Davenport authored more than 200 scientific papers during his career. [5]

He was presented with the Gerhard Herzberg Canada Gold Medal for Science and Engineering in 1994, [6] and the Albert Caquot Award in 2001. [7] He was appointed a Member of the Order of Canada on May 1, 2002 for a lifetime of achievement. [1] [8]

He was honored with the Lynn S. Beedle Lifetime Achievement Award from the Council on Tall Buildings and Urban Habitat in 2005. [9]

Retirement

He died in London, Ontario due to complications from Parkinson's disease [2]

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References

  1. 1 2 3 "Deaths: Alan Garnett Davenport". The Globe and Mail. July 21, 2009. Retrieved 2009-07-26.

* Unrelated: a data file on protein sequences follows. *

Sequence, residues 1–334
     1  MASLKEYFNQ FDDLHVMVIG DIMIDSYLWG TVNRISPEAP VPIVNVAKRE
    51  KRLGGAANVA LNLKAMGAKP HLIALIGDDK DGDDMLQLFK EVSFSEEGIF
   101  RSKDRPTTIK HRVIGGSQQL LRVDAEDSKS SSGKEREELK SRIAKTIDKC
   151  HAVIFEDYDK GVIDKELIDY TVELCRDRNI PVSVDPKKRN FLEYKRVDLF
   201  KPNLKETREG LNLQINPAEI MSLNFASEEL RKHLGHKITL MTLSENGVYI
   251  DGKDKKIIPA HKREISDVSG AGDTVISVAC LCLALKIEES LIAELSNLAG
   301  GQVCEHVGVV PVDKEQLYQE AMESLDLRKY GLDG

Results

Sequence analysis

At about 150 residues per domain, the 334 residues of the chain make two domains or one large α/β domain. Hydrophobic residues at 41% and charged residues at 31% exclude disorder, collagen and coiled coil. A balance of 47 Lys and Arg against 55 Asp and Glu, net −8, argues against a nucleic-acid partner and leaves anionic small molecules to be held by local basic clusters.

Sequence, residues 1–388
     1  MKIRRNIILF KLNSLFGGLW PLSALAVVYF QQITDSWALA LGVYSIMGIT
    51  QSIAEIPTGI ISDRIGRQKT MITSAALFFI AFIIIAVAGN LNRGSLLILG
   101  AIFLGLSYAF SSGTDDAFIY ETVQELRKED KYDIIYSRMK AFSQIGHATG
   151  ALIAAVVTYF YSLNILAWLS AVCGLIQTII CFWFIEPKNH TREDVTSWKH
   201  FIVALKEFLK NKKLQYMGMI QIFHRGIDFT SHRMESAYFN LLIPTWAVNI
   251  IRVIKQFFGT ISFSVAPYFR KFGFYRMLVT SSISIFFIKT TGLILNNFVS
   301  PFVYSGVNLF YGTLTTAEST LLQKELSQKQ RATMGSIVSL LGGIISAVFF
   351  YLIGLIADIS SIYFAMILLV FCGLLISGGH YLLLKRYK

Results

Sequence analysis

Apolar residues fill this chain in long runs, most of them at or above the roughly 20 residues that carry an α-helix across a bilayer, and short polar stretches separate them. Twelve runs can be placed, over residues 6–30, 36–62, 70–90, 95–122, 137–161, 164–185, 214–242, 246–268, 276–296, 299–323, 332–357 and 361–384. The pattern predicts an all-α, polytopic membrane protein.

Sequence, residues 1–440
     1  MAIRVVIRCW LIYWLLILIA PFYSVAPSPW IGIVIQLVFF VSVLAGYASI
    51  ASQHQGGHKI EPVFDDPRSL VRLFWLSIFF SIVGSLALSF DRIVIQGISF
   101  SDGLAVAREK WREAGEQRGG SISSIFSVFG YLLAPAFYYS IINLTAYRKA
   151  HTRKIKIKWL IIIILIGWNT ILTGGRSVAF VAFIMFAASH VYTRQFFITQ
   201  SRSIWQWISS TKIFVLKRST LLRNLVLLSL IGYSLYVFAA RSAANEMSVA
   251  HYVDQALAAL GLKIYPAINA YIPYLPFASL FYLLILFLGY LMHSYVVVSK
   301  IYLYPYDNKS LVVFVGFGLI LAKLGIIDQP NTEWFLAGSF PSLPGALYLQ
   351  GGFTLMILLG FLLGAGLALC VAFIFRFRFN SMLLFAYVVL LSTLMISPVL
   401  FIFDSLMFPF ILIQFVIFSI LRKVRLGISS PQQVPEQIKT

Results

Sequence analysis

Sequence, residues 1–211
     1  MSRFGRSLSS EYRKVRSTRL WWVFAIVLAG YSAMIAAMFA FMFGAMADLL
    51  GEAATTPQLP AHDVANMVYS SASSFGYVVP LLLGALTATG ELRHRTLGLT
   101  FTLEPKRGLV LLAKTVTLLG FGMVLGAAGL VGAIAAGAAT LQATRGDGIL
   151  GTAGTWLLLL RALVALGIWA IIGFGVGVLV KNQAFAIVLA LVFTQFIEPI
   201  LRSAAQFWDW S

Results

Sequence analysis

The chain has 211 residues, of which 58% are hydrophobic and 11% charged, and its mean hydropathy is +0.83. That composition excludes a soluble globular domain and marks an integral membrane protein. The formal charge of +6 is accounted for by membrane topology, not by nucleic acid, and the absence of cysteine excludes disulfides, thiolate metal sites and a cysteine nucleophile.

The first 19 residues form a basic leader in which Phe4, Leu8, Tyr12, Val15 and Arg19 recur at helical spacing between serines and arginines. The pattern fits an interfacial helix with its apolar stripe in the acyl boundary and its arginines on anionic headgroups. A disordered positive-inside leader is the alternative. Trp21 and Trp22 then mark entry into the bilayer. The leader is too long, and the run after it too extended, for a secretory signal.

2. 1 2 3 Martin, Douglas (July 25, 2009). "Alan G. Davenport, Noted Wind Engineer, Dies at 76". New York Times. Retrieved 2009-07-26.
  3. Mayne, Paul. "In Memoriam - Alan Davenport". The University of Western Ontario. Retrieved 2009-07-26.
  4. "Alan Davenport". Institute for Catastrophic Loss Reduction. 2001. Archived from the original on 16 June 2009. Retrieved 2009-07-26.
  5. Anderson, Jim (March 31, 2005). "Davenport built career blowing in the wind". The University of Western Ontario. Retrieved 2009-07-26.
  6. Natural Sciences and Engineering Research Council of Canada Past Winners
  7. "Scientist Profile: Alan Garnett Davenport". Science.ca. Retrieved 2009-07-26.
  8. "Order of Canada: Alan Davenport". Order of Canada. Retrieved 2009-07-26.[ permanent dead link ]
  9. "2005 Lynn S. Beedle Award Winner". Council on Tall Buildings and Urban Habitat. Retrieved 17 May 2012.